QDo Biotech companies feel they are responsible for the declining bee population? Use of pesticides are very high on GMO crops as well as mono crops not being healthy for the soil and pollinators. "The danger that the decline of bees and other pollinators

Do Biotech companies feel they are responsible for the declining bee population? Use of pesticides are very high on GMO crops as well as mono crops not being healthy for the soil and pollinators. "The danger that the decline of bees and other pollinators represents to the world’s food supply was highlighted this week when the European Commission decided to ban a class of pesticides suspected of playing a role in so-called “colony collapse disorder.” http://e360.yale.edu/feature/declining_bee_populations_pose_a_threat_to_global_agriculture/2645/

AExpert Answer

 Thank you for allowing me to clear up some misinformation.

 

While it’s true some commercial beekeepers have experienced problems with overwinter losses in bee colonies, the popular press has greatly exaggerated the situation by suggesting a possible “beepocalypse” or threat of extinction. Believe it or not, statistics kept by government and international bodies show honey bee populations are stable in the U.S. and Europe and dramatically rising worldwide (USDA, government of Canada and FAO).

 

As for the European Commission, it did not ban but did restrict some uses of neonicotinoid insecticides on bee-attractive crops for two years, effective Dec. 1, 2013.

 

Most scientists, including EPA and USDA experts, believe bee health is affected by a variety of stressors. These include pests and diseases; viruses carried by mites and fungus; lack of diverse habitats and poor nutrition; unusual weather conditions, errors in hive management and other beekeeping practices, lack of genetic diversity in bee populations; as well as possible pesticide exposure. Of particular concern is the presence of the Varroa mite, cited in the National Stakeholders Conference on Honey Bee Health report (USDA/EPA, May 2013) as the “single most detrimental pest of honey bees and is closely associated with overwintering colony decline.”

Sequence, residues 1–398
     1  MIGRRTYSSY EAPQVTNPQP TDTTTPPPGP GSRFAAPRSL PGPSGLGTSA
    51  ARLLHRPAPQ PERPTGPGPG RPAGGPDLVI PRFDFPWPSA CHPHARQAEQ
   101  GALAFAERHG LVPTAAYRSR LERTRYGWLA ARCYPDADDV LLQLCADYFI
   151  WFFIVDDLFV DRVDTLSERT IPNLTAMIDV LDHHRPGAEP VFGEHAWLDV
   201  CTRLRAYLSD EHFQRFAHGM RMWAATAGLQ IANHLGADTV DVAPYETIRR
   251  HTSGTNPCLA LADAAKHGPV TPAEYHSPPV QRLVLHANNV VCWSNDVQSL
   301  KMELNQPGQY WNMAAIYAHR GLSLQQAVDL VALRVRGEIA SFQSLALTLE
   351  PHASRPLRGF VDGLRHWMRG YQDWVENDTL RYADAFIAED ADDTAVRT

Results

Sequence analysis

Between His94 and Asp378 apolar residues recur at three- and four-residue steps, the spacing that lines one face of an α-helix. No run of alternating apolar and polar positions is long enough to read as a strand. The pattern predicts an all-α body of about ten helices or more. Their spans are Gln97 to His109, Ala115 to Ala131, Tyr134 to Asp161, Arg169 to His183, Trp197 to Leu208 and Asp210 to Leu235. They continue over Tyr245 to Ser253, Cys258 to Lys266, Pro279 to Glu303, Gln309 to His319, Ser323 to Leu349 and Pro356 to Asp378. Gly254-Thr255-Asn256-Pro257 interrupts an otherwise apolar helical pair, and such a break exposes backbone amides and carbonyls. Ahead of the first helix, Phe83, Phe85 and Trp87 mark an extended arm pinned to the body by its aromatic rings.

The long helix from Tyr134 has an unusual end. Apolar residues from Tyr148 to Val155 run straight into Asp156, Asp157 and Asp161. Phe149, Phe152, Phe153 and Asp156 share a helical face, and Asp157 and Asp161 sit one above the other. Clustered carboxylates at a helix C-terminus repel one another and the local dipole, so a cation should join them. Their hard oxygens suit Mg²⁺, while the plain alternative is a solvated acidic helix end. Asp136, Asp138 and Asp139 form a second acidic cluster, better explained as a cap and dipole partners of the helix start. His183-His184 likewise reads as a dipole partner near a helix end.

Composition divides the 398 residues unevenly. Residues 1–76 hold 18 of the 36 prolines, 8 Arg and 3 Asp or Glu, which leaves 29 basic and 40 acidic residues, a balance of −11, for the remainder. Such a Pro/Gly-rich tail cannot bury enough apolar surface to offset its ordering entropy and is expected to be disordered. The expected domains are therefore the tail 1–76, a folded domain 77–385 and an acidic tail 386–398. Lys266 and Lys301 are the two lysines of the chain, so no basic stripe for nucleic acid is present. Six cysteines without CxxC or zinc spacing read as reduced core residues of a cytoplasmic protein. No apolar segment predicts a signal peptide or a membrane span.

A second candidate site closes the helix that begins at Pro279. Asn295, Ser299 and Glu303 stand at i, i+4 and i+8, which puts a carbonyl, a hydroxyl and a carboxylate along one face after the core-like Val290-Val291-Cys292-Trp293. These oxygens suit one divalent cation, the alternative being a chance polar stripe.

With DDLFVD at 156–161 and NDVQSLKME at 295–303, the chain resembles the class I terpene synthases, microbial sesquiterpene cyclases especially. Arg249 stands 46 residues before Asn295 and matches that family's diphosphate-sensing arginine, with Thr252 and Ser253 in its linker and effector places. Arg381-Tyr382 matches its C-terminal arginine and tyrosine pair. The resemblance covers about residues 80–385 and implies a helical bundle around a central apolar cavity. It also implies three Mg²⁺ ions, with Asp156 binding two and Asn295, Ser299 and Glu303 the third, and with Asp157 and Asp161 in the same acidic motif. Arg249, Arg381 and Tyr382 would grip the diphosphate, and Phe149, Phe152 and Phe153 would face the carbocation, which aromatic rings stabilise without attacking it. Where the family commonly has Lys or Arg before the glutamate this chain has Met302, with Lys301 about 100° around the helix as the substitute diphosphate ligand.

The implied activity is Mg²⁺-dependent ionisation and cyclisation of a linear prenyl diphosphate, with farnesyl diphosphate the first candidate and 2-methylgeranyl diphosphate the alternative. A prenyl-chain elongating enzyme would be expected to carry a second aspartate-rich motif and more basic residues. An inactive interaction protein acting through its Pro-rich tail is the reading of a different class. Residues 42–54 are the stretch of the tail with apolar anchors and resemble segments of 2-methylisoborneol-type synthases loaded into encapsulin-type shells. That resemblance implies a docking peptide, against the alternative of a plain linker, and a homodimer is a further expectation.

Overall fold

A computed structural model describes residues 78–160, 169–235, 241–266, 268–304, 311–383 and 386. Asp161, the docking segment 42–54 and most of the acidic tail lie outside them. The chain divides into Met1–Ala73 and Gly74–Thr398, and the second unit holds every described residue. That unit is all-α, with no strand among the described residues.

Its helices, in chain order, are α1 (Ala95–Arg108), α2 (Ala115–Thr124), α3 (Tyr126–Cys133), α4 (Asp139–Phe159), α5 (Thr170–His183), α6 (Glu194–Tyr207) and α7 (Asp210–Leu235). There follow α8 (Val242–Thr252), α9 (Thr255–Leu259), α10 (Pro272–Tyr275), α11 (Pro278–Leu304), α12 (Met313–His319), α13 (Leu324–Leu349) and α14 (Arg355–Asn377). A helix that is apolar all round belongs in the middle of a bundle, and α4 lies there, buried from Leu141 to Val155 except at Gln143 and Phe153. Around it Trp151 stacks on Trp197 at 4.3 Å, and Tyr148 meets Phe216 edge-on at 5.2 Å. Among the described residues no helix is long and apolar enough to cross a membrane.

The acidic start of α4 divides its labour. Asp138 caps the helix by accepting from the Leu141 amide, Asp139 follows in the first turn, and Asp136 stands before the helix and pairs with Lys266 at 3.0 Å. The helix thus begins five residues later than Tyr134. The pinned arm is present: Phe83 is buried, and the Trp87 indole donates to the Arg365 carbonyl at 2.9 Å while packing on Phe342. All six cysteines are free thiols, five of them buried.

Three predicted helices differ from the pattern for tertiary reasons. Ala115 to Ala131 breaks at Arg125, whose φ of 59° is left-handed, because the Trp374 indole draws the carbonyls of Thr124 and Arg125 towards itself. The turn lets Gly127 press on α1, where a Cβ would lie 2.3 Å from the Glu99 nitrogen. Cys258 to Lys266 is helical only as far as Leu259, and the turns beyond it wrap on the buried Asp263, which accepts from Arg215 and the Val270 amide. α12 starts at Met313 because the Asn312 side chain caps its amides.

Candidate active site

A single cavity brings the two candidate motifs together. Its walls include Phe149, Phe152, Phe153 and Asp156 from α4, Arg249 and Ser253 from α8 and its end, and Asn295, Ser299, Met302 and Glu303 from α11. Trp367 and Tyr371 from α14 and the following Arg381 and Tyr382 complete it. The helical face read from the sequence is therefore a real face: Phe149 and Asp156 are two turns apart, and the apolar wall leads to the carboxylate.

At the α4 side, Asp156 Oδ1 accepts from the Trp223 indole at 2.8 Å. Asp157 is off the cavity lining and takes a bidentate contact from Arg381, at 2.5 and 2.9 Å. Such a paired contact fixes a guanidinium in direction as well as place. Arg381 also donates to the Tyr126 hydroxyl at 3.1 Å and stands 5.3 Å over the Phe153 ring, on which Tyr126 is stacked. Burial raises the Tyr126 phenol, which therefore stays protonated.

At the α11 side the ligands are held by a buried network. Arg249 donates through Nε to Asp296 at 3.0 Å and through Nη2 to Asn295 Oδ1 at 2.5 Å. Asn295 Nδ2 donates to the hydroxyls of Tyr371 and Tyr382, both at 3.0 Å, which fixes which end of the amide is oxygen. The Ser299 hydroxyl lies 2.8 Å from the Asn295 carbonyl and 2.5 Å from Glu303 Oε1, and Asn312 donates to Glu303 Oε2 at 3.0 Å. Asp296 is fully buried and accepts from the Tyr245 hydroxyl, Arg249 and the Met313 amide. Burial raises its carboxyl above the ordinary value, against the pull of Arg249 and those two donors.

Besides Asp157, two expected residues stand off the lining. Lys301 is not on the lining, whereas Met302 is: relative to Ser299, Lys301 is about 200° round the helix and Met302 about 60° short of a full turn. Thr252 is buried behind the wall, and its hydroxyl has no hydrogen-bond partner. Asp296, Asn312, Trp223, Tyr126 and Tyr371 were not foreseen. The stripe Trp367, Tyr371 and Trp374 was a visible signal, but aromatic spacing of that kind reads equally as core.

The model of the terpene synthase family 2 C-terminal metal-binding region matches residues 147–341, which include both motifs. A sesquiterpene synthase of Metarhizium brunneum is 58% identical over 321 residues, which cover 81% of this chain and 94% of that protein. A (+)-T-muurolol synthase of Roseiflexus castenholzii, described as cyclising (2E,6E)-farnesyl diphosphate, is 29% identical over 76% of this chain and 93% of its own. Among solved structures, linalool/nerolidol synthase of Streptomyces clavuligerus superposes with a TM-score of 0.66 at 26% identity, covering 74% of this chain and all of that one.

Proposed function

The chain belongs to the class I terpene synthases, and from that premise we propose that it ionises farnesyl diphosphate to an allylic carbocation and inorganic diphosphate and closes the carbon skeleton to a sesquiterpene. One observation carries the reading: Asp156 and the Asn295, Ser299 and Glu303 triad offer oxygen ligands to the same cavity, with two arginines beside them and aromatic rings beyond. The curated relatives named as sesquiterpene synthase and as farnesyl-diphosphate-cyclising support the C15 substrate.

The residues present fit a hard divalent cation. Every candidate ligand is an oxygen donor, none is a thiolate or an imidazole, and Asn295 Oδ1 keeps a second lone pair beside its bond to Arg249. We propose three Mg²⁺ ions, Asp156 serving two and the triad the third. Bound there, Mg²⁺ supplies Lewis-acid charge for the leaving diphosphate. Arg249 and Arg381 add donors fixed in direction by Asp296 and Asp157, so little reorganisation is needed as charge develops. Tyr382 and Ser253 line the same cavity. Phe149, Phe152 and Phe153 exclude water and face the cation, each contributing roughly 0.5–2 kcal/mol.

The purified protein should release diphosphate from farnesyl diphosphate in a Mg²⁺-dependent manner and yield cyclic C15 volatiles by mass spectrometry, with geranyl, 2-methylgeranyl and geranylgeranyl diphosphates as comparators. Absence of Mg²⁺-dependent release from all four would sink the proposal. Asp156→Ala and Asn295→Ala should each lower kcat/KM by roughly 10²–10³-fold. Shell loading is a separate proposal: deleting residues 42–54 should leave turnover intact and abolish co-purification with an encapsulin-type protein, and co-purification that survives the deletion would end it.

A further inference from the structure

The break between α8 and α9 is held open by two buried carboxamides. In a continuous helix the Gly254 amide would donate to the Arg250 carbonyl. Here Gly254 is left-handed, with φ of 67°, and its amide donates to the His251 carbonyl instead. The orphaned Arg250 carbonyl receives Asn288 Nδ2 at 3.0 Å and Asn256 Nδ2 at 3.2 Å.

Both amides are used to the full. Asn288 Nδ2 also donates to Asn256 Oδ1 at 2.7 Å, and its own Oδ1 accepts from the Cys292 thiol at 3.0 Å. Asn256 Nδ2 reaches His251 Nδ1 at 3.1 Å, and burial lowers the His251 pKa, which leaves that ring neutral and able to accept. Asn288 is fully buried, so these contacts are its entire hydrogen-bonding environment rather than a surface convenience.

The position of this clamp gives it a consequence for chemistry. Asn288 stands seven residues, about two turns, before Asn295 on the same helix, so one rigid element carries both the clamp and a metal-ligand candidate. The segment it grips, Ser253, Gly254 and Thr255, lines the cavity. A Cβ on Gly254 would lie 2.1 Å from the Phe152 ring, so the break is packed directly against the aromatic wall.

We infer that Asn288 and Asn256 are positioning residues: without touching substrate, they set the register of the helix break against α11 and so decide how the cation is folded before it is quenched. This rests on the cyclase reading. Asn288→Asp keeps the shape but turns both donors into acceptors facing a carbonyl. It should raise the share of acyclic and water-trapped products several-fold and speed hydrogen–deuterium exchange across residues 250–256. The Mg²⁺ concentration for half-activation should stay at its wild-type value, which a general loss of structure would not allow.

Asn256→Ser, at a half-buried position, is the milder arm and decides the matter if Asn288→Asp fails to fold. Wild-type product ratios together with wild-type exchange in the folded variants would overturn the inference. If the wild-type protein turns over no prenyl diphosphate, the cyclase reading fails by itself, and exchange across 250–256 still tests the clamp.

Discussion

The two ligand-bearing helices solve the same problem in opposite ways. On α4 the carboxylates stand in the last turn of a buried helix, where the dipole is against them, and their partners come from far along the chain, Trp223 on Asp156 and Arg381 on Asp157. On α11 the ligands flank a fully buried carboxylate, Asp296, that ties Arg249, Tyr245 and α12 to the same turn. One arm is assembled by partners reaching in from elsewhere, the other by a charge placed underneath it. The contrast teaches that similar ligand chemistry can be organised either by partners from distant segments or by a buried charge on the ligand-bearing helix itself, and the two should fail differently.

The truth is no one individual factor has been proven to cause bee declines. 

Posted on March 9, 2018
Hello, and thank you for your question! Scientists commonly use genetically engineering (GE) to add and subtract genes from ALL sorts of plants, from common weeds to potatoes from the Andes. Most GE is performed only to learn how plants work. While it’s relatively simple to change a plant’s genetics, it’s difficult and expensive to actually improve a plant’s genetics. Thus, only the most “important” crops are targets for GE. Smaller improvements are... Read More
Answer:
Posted on March 8, 2018
Hello, and thank you for your question! Scientists commonly use genetically engineering (GE) to add and subtract genes from ALL sorts of plants, from common weeds to potatoes from the Andes. Most GE is performed only to learn how plants work. While it’s relatively simple to change a plant’s genetics, it’s difficult and expensive to actually improve a plant’s genetics. Thus, only the most “important” crops are targets for GE. Smaller improvements are... Read More
Posted on March 9, 2018
Anyone who has traveled through the Southeast and seen kudzu vines along the highway knows that plants can evolve into a negative outcome. There is a similar concern that a GMO can produce negative outcomes in the environment.  Therefore, prior to approving their commercial planting, GMOs must be tested in contained field trials to ensure that they do not behave in ways that could cause problems. To prevent negative outcomes, GMOs must not have the ability to cross with wild... Read More